Case number: 170382
On 5 April 2017, the applicant made a request to the HSE for the following information: " how many days ... the General Manager of Letterkenny University Hospital was on the Letterkenny University Hospital Campus during the calendar year 2015 and the calendar year 2016". On 8 June 2017, the HSE issued a decision in which it refused the request on the ground that the information sought would fall within the definition of personal information about the individual concerned. The applicant sought an internal review of that decision on 29 June 2017. The HSE issued its internal review decision on 12 July 2017, in which it refused the request on the ground that the request was not a valid FOI request. On 26 July 2017, the applicant sought a review by this Office of the decision of the HSE.
By letter dated 19 October 2017, Ms Hannon of this Office provided the applicant with details of the explanation provided by the HSE as to why it does not hold a record containing the information sought and she informed him of her view that the HSE was justified in refusing the request. Ms Hannon invited the applicant to make a further submission but he has not done so. I therefore consider it appropriate to conclude this review by means of a formal, binding decision.
In carrying out my review, I have had regard to the correspondence between the HSE and the applicant. I have also had regard to the communications between this Office and both the applicant and the HSE on the matter.
This review is concerned solely with whether the HSE was justified in refusing to provide details of the number of days the General Manager of the Letterkenny University Hospital (the Hospital) was on campus during 2015 and 2016 on the ground that no record containing the information sought exists.
While the FOI Act provides for a right of access to records held by FOI bodies (section 11 refers), requests for information, as opposed to requests for records, are not valid requests under the Act. The Act does not require FOI bodies to create records if none exist, apart from a specific requirement to extract records or existing information held on electronic devices in certain circumstances. Furthermore, the Act does not generally provide a mechanism for answering questions, except to the extent that a question can reasonably be inferred to be a request for a record containing the answer to the question asked or the information sought.
Section 15(1)(a) of the FOI Act provides that a request for access to a record may be refused if the record does not exist or cannot be found after all reasonable steps to ascertain its whereabouts have been taken. The role of this Office in cases such as this is to review the decision of the FOI body and to decide whether that decision was justified. This means that I must have regard to the evidence available to the decision maker and the reasoning used by the decision maker in arriving at his decision and I also must assess the adequacy of the searches conducted by the FOI body in looking for relevant records.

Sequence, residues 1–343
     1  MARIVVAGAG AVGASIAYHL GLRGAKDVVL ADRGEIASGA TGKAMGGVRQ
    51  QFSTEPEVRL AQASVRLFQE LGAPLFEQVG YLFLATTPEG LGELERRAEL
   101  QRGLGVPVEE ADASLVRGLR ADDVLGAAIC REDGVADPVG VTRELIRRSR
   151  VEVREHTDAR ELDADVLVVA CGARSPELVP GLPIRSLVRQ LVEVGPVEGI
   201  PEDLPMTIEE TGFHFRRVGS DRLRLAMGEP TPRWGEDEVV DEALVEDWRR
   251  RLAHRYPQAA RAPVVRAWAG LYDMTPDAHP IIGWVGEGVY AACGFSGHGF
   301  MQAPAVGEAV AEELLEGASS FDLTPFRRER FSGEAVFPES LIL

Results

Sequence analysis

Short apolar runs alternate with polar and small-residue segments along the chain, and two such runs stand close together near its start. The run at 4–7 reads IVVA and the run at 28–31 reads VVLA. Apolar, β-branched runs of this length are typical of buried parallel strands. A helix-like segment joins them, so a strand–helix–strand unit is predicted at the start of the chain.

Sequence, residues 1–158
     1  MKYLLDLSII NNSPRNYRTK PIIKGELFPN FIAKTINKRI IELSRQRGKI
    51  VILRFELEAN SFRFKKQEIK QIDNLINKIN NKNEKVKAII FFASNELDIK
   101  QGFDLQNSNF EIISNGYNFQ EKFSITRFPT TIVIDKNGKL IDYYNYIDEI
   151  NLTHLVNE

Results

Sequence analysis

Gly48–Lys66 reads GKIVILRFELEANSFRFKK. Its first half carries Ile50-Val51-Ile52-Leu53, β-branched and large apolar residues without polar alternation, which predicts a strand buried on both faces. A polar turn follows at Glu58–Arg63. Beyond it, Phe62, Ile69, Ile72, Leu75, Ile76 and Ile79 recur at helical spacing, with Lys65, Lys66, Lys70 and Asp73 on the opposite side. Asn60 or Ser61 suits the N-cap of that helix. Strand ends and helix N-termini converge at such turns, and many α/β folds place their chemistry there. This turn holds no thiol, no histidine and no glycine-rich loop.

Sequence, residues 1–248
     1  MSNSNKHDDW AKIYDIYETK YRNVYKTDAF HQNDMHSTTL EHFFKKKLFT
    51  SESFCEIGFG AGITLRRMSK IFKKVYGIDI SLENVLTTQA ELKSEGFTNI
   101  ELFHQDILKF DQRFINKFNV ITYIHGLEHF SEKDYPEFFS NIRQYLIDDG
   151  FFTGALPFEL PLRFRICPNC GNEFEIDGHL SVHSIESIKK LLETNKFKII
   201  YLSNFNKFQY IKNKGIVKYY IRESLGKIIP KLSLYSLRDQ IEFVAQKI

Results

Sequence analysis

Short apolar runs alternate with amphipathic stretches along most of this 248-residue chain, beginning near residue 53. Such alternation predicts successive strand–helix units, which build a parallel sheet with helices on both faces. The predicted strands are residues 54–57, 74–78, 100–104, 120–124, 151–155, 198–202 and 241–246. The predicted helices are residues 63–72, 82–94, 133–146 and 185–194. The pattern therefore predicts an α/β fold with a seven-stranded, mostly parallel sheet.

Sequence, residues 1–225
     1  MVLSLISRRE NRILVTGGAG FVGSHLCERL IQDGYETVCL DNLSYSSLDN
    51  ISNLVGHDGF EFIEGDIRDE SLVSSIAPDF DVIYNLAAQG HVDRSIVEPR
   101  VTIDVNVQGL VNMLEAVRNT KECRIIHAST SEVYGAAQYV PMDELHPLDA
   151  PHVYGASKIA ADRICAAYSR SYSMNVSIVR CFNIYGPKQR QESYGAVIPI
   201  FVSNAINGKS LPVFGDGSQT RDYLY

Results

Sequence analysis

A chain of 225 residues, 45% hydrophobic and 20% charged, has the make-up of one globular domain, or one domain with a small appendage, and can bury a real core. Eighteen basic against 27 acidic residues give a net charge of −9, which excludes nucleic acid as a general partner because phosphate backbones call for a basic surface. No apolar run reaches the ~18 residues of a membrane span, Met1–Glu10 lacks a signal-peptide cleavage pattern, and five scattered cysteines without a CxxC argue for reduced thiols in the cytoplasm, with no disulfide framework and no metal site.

In a submission to this Office, the HSE stated that it had established that no records exist containing the information sought. It stated that the General Manager is not required to sign a daily attendance sheet or record his attendance in an electronic system that records his work location. It stated that the General Manager's secretary operates a calendar of meetings but that the calendar does not record when the General Manager would have returned to campus or when he may have been on campus when he was not scheduled to be so. Essentially, its argument is that it holds no record that would provide a definitive number of days the General Manager was on campus.
It appears that the applicant is of the view that there are several sources of information available to the Hospital to allow it to collate the information sought. Notwithstanding the Hospital's argument that it could not provide an accurate response, the FOI Act does not require such an exercise to be conducted, as I have explained above. Having regard to the HSE's explanation of the recording of the General Manager's attendance, I find that the HSE was justified in its decision to refuse the applicant's request under section 15 (1)(a) of the FOI Act on the ground that no record containing the information sought exists.
Having carried out a review under section 22(2) of the FOI Act, I hereby affirm the decision of the HSE to refuse access to details of the number of days the General Manager of Letterkenny University Hospital the Hospital was on campus during 2015 and 2016 on the ground that no record containing the information sought exists.
Section 24 of the FOI Act sets out detailed provisions for an appeal to the High Court by a party to a review, or any other person affected by the decision. In summary, such an appeal, normally on a point of law, must be initiated not later than four weeks after notice of the decision was given to the person bringing the appeal.